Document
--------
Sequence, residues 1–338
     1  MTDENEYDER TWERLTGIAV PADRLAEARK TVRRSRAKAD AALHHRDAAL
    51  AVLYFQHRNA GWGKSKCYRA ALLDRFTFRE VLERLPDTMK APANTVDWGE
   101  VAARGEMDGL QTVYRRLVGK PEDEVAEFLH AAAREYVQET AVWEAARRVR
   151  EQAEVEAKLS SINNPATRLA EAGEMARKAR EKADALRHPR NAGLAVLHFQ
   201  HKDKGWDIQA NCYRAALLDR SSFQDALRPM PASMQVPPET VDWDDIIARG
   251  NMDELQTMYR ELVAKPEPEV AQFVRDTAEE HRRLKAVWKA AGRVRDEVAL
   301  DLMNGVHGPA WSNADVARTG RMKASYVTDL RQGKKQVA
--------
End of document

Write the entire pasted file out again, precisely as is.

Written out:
Sequence, residues 1–338
     1  MTDENEYDER TWERLTGIAV PADRLAEARK TVRRSRAKAD AALHHRDAAL
    51  AVLYFQHRNA GWGKSKCYRA ALLDRFTFRE VLERLPDTMK APANTVDWGE
   101  VAARGEMDGL QTVYRRLVGK PEDEVAEFLH AAAREYVQET AVWEAARRVR
   151  EQAEVEAKLS SINNPATRLA EAGEMARKAR EKADALRHPR NAGLAVLHFQ
   201  HKDKGWDIQA NCYRAALLDR SSFQDALRPM PASMQVPPET VDWDDIIARG
   251  NMDELQTMYR ELVAKPEPEV AQFVRDTAEE HRRLKAVWKA AGRVRDEVAL
   301  DLMNGVHGPA WSNADVARTG RMKASYVTDL RQGKKQVA